“Robin. Maybe you should just sit this one out.”

These words have been tattooed on the inside of my brain and have affected physical activity decisions for most of my life. Growing up I was an overweight, adorable, hyperactive child with asthma. For some this may not seem like a big deal, but it was for my 7th grade P.E teacher, Coach George. Years before I arrived on the scene, Coach George had another asthmatic student but he didn’t take the illness seriously. Sadly, she had a severe asthma attack during class and later died.

This incident would permanently scar Coach George and drastically change how he dealt with students with severe asthma going forward. To him, my respiratory disorder was a valid reason to limit or completely excuse me of participating in all stringent physical activities…or anything I simply didn’t want to do. It was easier to let me sit one out than deal with any medical emergency rigorous activity might create. This trend would follow me into high school, with each physical ed teacher suggesting I just “sit this one out.”

Fast forward to the early 2000’s and I found myself confronted with another man encouraging me to limit my physical activity. This time it was an orthopedic surgeon that took twisted delight in telling me I had severe osteoarthritis in my knees. He defined it as stage four because the cartilage in both knees had withered away, and the only option he could provide was for me to deal with the pain a few more years and then undergo full knee replacement surgery. After comparing my knees to those of an 80 year old man that worked hard and led a strong active life, he recommended that I cease and desist from even moderate physical activity, ya know, so that I wouldn’t “blow my knees out.”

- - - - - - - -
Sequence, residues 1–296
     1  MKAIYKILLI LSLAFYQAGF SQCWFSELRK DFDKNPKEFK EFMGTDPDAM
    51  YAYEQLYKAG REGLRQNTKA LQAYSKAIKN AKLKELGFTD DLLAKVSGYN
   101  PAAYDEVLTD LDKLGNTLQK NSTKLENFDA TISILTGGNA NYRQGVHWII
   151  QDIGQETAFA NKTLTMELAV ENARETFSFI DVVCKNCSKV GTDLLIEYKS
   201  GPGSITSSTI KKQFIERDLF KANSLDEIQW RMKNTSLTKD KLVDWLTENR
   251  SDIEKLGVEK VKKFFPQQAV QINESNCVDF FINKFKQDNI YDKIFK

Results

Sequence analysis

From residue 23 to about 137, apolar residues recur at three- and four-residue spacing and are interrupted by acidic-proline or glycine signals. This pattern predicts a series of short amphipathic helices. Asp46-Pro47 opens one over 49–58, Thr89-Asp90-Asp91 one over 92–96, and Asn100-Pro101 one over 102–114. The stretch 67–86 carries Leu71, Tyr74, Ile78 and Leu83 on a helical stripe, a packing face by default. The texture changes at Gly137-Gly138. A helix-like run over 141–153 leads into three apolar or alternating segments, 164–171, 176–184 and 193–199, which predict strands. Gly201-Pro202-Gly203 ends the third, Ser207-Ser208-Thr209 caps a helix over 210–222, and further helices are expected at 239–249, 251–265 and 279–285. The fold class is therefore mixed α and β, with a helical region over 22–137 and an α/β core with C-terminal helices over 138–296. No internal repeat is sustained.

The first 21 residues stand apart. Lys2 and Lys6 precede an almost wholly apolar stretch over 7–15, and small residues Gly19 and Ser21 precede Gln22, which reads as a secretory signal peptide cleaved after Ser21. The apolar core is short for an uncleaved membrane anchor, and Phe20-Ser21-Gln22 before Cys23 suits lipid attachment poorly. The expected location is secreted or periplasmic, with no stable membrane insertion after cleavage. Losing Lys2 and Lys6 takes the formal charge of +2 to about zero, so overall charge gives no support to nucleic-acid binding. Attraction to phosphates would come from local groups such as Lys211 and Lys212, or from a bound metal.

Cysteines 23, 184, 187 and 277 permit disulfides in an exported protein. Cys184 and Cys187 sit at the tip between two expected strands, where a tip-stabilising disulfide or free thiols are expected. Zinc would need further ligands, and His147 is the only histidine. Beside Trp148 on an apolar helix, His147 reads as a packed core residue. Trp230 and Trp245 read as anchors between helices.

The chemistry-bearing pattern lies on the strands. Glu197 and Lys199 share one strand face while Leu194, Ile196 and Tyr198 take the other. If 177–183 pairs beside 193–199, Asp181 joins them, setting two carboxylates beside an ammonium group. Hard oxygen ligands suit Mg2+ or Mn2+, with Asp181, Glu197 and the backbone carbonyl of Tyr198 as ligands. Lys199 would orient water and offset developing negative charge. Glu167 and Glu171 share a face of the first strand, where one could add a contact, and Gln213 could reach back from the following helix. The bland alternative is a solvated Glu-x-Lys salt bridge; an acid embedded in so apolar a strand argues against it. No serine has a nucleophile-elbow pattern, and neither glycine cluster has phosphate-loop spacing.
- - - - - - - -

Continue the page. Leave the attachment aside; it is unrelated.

These and other similar experiences in my life have created a mental disclaimer I involuntarily check every time I venture about. I’m regulated by an internal clause that demands I always step cautiously and have deep apprehension towards any and all activities that require knee support and cardiovascular endurance. My close companions all understand my physical woes and are incredibly encouraging and understanding. They never push me to do something I don’t want to do. In truth it’s never been a lack of interest holding me back; it’s been fear.

This weekend, I pushed the fear aside. I jumped from the sidelines to center field. I conquered my demons. I threw my fist in the air at everyone that’s told me I am too sick, too big, too uncoordinated, too risky to take a chance on certain adventures. I was surrounded by a group of people so caring, nurturing, patient and kind, that I can’t hold back the tears even as I type this. I don’t just appreciate them. I love them with every fiber of my being. This weekend they gave me strength, courage, confidence, and love. So much love that as I embarked on the first real hike of my life I knew without a doubt I would make it. I had my army with me.

I’ll see you around the city soon!